People in recovery have never needed support more. In addition to the many challenges that they experience, people in recovery are dealing with a change in or lack of support structures that they need and deserve to be successful. They are facing difficult life circumstances that will make it challenging to engage with or stay in recovery. They need support more than ever.

GPS enhances engagement in treatment and supports sobriety while ensuring a high and consistent standard of evidence-based support groups. GPS for Recovery groups provide people with trauma-sensitive spaces where they can explore their personal history with addiction, including personal and family trauma, and feelings of shame, guilt and isolation that can be barriers to sobriety. Participants build communities of mutual respect and reclaim their self-esteem and courage as they travel on the road to recovery. GPS for Recovery groups can be led by peer leaders as well as clinical providers and has been shown to be effective in increasing capacity of programs, ensuring consistent clinical outcomes and enhancing other modalities of care.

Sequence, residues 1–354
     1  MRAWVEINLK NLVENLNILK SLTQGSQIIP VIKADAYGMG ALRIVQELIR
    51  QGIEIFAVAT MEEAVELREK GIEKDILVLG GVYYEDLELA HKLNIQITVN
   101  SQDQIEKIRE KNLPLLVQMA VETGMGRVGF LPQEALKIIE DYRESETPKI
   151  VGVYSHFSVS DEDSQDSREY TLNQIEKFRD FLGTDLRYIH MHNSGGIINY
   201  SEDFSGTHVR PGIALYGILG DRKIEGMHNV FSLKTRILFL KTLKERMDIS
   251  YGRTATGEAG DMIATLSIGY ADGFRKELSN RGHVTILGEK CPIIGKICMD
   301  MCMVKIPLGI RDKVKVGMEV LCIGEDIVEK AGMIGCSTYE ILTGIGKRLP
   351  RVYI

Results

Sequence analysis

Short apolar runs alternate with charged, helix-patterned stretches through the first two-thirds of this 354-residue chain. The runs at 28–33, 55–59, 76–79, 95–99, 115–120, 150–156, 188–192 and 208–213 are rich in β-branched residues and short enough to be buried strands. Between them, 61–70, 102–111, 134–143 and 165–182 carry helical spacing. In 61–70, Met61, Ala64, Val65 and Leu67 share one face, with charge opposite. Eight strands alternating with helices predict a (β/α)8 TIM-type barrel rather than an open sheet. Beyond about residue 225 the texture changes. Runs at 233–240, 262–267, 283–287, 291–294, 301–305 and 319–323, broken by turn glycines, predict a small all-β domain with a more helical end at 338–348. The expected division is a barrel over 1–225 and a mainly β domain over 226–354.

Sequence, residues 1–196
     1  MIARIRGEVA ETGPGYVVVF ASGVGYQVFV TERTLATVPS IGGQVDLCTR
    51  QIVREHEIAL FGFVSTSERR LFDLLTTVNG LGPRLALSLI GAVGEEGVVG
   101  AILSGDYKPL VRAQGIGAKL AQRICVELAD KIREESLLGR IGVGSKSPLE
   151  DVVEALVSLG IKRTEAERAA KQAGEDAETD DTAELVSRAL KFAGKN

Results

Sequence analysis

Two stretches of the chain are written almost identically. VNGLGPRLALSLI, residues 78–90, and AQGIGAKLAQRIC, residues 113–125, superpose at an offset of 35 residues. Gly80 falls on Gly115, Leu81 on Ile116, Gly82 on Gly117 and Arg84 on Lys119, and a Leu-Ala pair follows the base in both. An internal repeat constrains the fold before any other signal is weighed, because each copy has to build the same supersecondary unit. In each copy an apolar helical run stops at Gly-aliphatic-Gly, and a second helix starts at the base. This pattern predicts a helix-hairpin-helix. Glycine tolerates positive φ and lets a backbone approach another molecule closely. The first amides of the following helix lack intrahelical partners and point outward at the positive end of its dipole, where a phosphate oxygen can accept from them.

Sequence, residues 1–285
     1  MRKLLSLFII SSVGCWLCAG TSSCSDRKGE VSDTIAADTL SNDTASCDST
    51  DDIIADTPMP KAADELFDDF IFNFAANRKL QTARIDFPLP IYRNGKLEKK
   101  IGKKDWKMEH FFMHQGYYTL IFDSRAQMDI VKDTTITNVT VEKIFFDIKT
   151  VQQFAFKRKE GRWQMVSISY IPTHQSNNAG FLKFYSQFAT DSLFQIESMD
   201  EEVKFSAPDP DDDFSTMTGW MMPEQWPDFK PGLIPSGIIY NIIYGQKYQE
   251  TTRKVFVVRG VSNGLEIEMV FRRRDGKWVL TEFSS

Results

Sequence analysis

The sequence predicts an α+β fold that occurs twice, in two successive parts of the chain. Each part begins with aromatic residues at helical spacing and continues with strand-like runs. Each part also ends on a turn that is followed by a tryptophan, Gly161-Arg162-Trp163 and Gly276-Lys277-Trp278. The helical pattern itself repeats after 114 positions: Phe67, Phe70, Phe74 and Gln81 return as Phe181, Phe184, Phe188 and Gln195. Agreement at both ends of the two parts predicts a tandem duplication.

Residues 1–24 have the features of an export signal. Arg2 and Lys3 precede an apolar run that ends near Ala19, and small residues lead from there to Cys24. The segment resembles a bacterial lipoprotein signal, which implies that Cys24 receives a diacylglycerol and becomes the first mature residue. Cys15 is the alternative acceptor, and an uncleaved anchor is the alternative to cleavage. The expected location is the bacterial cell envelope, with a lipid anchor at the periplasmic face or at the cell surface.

GPS is being successfully integrated in residential treatment, out patient programs, methadone/suboxone clinics and other  with diverse populations including men, women, mothers, those living with homelessness, currently or formerly incarcerated, those mandated for treatment and those engaged with child protective services. GPS can be used in programs and with participants who enlist diverse approaches to recovery including medication-assisted and abstinence-based treatments. 


I was a mom struggling with addiction, attending lots of treatment groups. But GPS was my missing piece. It gave me back my self-respect, helped me maintain sobriety and made me a much better mom. I now lead GPS groups for moms who are working on their recovery.

Erica Napolitan, Maternal Substance Use and Recovery Specialist

What I love about GPS is its structure and adaptability. We can use curricula for the people we serve while maintaining the structure of GPS. It is a trauma-informed model that we use in all of our groups now.

Debra Bercuvitz, Director, Perinatal Substance Use Initiative, MA Department of Public Health